Wanni in Miami, USA – At Miami Country Day School


With MCDS kids

On our way to with Yvonne. But I don’t see anything related to much awaited recounting in Florida. I’m relieved. Everything seems calm and quiet. No violence. No bloodshed. No killing. How beautiful it would be if we can have elections without violence in my country.

Meeting Yvonne and Ms. Margaret Mahoney again is exciting. I never feel lonely whenever I tour abroad now. Someone from I*EARN appears and I am in the best company.

Lucky American Kids

Miami Country Day School is a private school. I was lucky to be here. It’s a wonderful school with healthy, sweet kids. If I can see my students in Sri Lanka enjoying the comforts these kids enjoy……….. But it’s only a dream… Each teacher has a computer in the classroom. Students have free access to the Internet. Uninterrupted high-speed Internet connections. In Sri Lanka my students have to use very old 386 or 486 PCs which only “look like” computers. They have never experienced surfing the web though they have a website on the Net.

Talkative American Kids

The students are free to wear uniforms of two choices. Red or white. The children here are so talkative. They ask numerous questions when I go to their classes. They seem free to sit as they like on their chairs. Sri Lankan students are so shy and reserved, It’s very difficult to get them talk. I think this is due to forcing them to respect the teachers more than really needed. Children are scared of teachers. I have changed this to a certain extent. My kids enjoy more freedom at my little school, The Horizon than they have in public schools.

Forks VS Fingers

The cafeteria is a huge place and clean, nutritious food is served here. Some students take turns to clean the cafeteria after the luncheon interval. That seems a good practice. It’s good to be done by the students themselves rather than appointing a paid laborer for it. I remember how my kids eat under the trees on the logs. The chief of the kitchen staff was a generous man to donate me a heap of forks and knives to take to my kids, as they have never used forks and knives. They use fingers to eat. Ms. Moyer warns me not to harm their cultural values by introducing forks. (Who did ever say that the Americans want to inculcate American culture everywhere by force??????) I clarify her this is only to teach how to use them. After learning they’ll use their fingers to eat again.

“You should never marry an ugly blue guy.”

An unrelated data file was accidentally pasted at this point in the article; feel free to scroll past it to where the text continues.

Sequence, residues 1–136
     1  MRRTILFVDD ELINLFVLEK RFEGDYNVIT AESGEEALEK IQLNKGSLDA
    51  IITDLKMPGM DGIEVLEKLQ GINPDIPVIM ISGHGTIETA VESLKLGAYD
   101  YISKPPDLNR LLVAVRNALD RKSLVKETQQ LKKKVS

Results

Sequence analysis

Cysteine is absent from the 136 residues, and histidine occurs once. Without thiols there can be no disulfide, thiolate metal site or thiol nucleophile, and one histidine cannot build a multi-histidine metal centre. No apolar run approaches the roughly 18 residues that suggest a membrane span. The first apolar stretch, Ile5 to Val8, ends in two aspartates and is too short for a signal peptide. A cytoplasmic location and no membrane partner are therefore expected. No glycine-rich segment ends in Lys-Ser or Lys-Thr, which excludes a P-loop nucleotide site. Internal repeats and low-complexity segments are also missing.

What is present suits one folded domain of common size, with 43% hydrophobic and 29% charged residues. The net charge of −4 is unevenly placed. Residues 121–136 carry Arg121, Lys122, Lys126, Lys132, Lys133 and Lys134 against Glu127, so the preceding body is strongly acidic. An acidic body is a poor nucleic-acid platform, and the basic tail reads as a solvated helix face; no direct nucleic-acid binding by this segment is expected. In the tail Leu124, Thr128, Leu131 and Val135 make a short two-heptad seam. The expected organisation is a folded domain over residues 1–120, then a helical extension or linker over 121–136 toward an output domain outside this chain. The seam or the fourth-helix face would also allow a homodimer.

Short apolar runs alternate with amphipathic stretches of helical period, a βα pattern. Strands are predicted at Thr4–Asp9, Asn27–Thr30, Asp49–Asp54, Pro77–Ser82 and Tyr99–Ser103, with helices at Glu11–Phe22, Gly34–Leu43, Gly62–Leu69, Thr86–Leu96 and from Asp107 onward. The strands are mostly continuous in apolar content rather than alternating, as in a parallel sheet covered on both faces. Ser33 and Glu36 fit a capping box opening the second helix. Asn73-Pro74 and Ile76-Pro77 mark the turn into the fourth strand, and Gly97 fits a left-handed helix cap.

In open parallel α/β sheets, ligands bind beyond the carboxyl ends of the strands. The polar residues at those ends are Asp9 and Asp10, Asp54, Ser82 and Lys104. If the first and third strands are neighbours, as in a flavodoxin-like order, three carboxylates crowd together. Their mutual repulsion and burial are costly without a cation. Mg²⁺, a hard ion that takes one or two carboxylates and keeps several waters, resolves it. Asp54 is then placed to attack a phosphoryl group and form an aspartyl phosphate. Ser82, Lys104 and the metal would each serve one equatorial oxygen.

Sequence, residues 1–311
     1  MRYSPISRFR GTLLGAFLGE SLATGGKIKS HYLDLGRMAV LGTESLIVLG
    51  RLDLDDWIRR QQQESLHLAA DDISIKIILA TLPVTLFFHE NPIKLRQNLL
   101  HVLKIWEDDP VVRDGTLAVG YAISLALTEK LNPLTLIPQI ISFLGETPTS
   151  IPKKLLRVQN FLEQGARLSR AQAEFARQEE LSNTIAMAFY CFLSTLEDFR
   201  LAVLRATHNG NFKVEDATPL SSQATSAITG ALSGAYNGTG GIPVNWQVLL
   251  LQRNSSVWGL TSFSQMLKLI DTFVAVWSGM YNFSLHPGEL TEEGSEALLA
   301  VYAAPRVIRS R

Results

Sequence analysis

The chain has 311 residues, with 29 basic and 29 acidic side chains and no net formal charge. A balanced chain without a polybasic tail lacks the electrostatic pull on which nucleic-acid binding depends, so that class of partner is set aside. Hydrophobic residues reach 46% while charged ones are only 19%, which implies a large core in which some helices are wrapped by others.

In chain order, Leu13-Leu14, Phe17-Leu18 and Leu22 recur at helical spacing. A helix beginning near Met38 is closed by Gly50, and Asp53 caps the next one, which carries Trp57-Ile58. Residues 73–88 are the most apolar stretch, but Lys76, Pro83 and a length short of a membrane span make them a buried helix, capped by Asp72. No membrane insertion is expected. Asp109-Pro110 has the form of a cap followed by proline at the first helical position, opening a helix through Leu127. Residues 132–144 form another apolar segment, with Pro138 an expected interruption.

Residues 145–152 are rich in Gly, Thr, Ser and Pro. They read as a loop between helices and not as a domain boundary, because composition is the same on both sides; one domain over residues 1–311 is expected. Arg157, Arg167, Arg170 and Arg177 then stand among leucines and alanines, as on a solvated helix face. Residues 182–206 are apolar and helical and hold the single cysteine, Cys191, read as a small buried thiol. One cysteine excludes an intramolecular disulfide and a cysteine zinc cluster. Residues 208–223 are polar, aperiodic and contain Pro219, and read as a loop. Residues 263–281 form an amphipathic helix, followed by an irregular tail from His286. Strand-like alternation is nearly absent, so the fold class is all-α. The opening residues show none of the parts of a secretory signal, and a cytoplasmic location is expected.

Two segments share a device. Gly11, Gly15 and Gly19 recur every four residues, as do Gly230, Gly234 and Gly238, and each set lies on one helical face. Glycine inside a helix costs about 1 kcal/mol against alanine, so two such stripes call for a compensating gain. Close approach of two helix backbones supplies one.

I am so lucky to go to different classes each day to see the way teachers take their lessons. Most interesting are the sessions with Yvonne’s small kids. They are so active and throw me hundreds of questions when I describe them the paintings I had taken here. After seeing a painting, which depicted Kalagola Dikthala story, Yvonne asks the kids, what the moral behind the story is. One little cutie tells, “You should never marry an ugly blue guy.” I cannot hold up my laughter. How talkative the kids are. I wish my kids also became little more talkative so that I find teaching them English easier.

Though little talkative, MCDS kids are so decent in their behavior. This is something strange. Where are those vulnerable American kids we see in the movies?

Little Santiago of Margaret’s class is a young budding painter who has a lot of talent. His caricatures and cartoons look professional. And like me, he too is a Tin Tin fan. I suggest him to start a web site for his cartoons. If I were the Webmaster of MCDS, I would have definitely used Little Santiago’s graphics to decorate the MCDS website.

How interactive are the classes I observe with the senior students, about American Constitution, religions, journalism, etc.? The children come well prepared for the classes so that the classes become interesting. Unfortunately the media has given us a very negative picture about the American children and education in America so that many people in our part of the world think majority of the American children are aggressive and violent.

The Head Master

The Head Master Dr. John Davies is a gift to the school. He seems very popular among both teachers and students. When I wanted to get an interview recorded with him he was so cooperative to find time for it rather than pretending to be busy. If I ever knew that he is in love with masks I could have taken him a beautiful mask of a Sri Lankan devil. He dropped me home after the interview.

The Snake Lab

Environment laboratory is one place I never want to go again because of the snakes there. The teacher Rowena is an interesting teacher but not the snakes. Eek!!!!!!!!!!!!! I hate snakes whether they are harmless or venomous. I can’t stand snakes and dogs.

MCDS Kids in Concert

The musical concert I saw at the first day was a beautiful one but I couldn’t get a recorded video of it. If I could, it would have been the most valuable gift for my kids as they never get dancing or music teachers. They could have learnt American kids’ beautiful dances from the video.

Difference of Cultures

I see boys and girls exchanging an affectionate hug in the school is not counted as an offence here. But if this happened in Sri Lanka, they’d have been thrown out of the school. What is good and what is bad depends on culture. It’s relative.

Miss Samar

What surprises me most is why I am getting so much attention from the kids even than my pretty Lebanese companion Miss Samar is getting. Wherever I walk in the MCDS, some kids will shout, “Mr. Wanni, Sri Lanka.” I think Ms. Margaret and Yvonne must have given me a good publicity even before my arrival here. Miss Samar says, ” Oh Wanni, you are so popular here. How come?” in Arabic English. I feel proud of myself.

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